UPDATE: Previously I couldn't find a well defined pattern as to when my foreground service was being killed. After more debugging with the devices (doesn't happen on all) on which this was happening I found.

1.) A lot of times when I open chrome to load a website the foreground service gets killed. Sometimes even when I am using whatsapp this happens.

2.) There are no exceptions and the stacktrace doesn't show anything useful.

Original Question below:

There are many such questions on StackOverflow but the answers so far that I have read mostly say that it is upto Android and we don't have 100% guarantee that a foreground service will not be killed. Some answers suggest START_STICKY but that is not much helpful in my case.

In my case I have a music player app which has a foreground service. This service gets killed on certain devices, mostly some versions of Xiomi (Android version was 5.1.1). Now I understand that android might be short on memory and so my foreground service is being killed, but then why do other music player apps never go through such termination. What is it that they are doing right that I am not?

I made my service foreground service by using startForeground. Also I return START_STICKY in onStartCommand although that doesn't help because the service is restarted after a period of 4-5 sec if killed. To bind my service with my activity I use

bindService(playIntent, musicConnection, Context.BIND_AUTO_CREATE | Context.BIND_IMPORTANT );

So what exactly can I improve/change in my app to prevent this from happening, if other apps are working right there must be something that is wrong in my case. Can someone please help. Thanks in advance !!


This is how I call startForeground()

public void sendNotification() {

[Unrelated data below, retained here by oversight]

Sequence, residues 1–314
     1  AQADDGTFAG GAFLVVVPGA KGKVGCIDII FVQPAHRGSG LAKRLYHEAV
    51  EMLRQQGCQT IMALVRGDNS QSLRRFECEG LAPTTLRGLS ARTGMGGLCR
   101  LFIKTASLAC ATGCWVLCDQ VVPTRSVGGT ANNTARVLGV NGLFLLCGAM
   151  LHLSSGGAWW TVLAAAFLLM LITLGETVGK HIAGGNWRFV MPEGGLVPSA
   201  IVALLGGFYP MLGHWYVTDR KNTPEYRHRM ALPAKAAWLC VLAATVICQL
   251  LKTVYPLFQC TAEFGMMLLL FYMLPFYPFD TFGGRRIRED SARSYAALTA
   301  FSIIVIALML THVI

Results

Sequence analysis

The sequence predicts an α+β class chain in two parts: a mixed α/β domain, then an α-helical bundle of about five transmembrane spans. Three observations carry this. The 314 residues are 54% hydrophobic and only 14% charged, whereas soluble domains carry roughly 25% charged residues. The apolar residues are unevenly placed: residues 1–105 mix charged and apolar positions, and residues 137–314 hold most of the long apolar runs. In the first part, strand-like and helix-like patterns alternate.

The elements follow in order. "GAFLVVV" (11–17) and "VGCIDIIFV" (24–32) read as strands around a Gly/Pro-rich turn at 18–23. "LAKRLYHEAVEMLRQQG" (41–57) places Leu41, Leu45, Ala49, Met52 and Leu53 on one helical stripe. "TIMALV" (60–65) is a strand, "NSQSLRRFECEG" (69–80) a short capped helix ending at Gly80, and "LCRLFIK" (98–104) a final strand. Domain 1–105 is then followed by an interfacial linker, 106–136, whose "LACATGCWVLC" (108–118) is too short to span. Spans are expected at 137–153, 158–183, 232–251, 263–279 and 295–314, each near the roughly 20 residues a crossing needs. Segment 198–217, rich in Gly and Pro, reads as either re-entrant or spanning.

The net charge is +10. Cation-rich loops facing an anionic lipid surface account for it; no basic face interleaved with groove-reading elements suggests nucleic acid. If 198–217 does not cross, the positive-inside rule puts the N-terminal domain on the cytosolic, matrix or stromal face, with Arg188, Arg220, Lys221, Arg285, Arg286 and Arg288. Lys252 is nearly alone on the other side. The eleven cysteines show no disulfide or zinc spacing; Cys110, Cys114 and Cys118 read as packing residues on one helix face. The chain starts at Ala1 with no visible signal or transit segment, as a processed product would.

Intent notIntent = new Intent(this, MainActivity.class);
        PendingIntent pendInt = PendingIntent.getActivity(this, 0,
                notIntent, PendingIntent.FLAG_UPDATE_CURRENT);
        Bitmap bitmap = null;
        if (!notificationShowing || !forwarded) {
            Log.i(TAG, "present");
            String title = CommonUtils.getSongFromID(songIndex, this);

            bigView.setTextViewText(R.id.title, title);
            bigView.setImageViewBitmap(R.id.img, bitmap);

            smallView.setTextViewText(R.id.title1, title);
            smallView.setImageViewBitmap(R.id.img1, bitmap);

            if (pauseButton == 1) {
                bigView.setImageViewResource(R.id.pause, R.drawable.pause_noti);
                smallView.setImageViewResource(R.id.pause1, R.drawable.pause_noti);
            } else {
                bigView.setImageViewResource(R.id.pause, R.drawable.play_noti);
                smallView.setImageViewResource(R.id.pause1, R.drawable.play_noti);

            musicNotification = builder.setContentIntent(pendInt)
                    .setStyle(new Notification.BigTextStyle().bigText("Song App"))

            musicNotification.contentView = smallView;
            musicNotification.bigContentView = bigView;

            musicNotification.contentIntent = pendInt;

            Intent switchIntent = new Intent("pause");
            switchIntent.putExtra("button", "pause");
            PendingIntent pendingSwitchIntent = PendingIntent.getBroadcast(this, 100, switchIntent, PendingIntent.FLAG_UPDATE_CURRENT);
            bigView.setOnClickPendingIntent(R.id.pause, pendingSwitchIntent);
            smallView.setOnClickPendingIntent(R.id.pause1, pendingSwitchIntent);

            Intent switchIntent1 = new Intent("forward");
            switchIntent1.putExtra("button", "forward");
            PendingIntent pendingSwitchIntent2 = PendingIntent.getBroadcast(this, 100, switchIntent1, PendingIntent.FLAG_UPDATE_CURRENT);
            bigView.setOnClickPendingIntent(R.id.forward, pendingSwitchIntent2);
            smallView.setOnClickPendingIntent(R.id.forward1, pendingSwitchIntent2);